Lawmakers, teachers call on Gov. Hochul to include free school meals in upcoming budget
Lawmakers, parents and teachers called on Gov. Kathy Hochul Friday to include free food for school students in an upcoming budget.
Free School Meals for All Students in New York is an idea many hope will become a reality.
"I think it's very important for every child to come to school with a full belly, and I think my kids do the best learning when they're full and not distracted," said Ossining parent Christine Mangiamele. She also serves on the school board and has two kids within the Ossining School District.
"I feel like we do have students in our school district that fall through the cracks. They can't file that paperwork to get that free, reduced lunch that they might otherwise qualify for. And a program like this ensures those children still get fed and still get to eat lunch," Mangiamele added. She and school district leaders from across the Hudson Valley agree.
"It's easy, you choose our children," said White Plains City School District Superintendent Dr. Joseph Ricca.
"This is a social and emotional imperative," said Clarkstown Central School District Superintendent Dr. Marc Baiocco.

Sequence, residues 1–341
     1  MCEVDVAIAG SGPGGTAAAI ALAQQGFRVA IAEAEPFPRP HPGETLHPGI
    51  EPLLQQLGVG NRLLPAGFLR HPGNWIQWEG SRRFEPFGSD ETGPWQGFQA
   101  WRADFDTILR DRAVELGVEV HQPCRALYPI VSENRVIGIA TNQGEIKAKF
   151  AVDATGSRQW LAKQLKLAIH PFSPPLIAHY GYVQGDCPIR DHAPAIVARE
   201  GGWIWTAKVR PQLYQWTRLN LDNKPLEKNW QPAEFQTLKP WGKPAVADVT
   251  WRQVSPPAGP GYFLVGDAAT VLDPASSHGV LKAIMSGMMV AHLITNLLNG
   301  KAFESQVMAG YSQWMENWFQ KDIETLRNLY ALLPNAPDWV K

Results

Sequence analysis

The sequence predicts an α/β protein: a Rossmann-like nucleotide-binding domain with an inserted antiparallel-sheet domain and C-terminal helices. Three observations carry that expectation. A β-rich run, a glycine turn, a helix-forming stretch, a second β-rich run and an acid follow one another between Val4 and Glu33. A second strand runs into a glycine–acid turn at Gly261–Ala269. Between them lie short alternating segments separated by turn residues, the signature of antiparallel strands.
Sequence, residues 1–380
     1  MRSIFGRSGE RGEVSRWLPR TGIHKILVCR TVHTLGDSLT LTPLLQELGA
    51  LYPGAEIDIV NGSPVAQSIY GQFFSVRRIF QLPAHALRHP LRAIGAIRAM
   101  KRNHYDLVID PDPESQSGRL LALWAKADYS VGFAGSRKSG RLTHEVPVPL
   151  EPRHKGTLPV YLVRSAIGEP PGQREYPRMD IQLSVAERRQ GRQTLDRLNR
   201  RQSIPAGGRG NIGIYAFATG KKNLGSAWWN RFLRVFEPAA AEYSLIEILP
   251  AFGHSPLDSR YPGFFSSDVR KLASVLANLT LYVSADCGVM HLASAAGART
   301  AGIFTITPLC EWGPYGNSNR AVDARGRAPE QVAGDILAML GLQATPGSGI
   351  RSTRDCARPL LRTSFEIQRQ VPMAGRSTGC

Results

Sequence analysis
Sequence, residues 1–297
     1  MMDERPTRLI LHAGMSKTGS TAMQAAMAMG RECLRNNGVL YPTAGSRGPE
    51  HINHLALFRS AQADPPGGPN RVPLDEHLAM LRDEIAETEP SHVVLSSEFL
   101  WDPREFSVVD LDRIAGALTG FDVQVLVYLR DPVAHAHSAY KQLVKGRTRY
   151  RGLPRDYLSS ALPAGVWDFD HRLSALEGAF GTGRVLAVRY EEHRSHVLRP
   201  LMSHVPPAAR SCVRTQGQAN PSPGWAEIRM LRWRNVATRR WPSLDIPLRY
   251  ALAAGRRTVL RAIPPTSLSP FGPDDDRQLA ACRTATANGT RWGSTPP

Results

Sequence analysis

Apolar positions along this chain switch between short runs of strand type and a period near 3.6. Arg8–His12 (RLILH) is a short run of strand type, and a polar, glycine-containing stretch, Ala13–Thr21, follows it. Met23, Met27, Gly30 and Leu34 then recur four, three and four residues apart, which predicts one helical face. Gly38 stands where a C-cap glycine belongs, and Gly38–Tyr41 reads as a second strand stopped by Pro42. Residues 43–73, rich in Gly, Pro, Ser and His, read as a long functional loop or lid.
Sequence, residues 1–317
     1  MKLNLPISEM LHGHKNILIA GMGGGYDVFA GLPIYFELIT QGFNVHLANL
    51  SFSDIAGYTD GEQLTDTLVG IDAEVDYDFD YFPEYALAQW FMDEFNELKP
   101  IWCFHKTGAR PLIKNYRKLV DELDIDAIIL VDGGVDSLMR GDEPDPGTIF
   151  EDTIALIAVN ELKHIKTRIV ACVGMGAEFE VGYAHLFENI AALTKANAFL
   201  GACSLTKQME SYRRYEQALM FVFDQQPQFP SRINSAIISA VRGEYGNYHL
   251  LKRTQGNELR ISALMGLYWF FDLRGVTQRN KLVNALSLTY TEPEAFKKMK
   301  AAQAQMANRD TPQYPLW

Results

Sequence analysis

Elected officials, state lawmakers and the Healthy School Meals for All New York Kids Coalition were at the Claremont School in Ossining calling on Hochul to fully fund universal free school breakfast and lunch in the 2024 state budget.
Both the New York State Assembly and Senate have already outlined $280 million to make it happen.
"We need to get rid of the stigma and allow every child to be fed breakfast and lunch. Isn't that sort of a no-brainer?" said Sen. Shelley Mayer.
A spokesperson for Hochul told News 12, "Governor Hochul's Executive Budget makes transformative investments to make New York more affordable, more livable and safer, and she looks forward to working with the legislature on a final budget that meets the needs of all New Yorkers."
For now, advocates, educators and others will wait to see whether this proposal will officially be served up in next year's budget.
A COVID-19 era effort ended last June that provided federal funding for students to have free meals.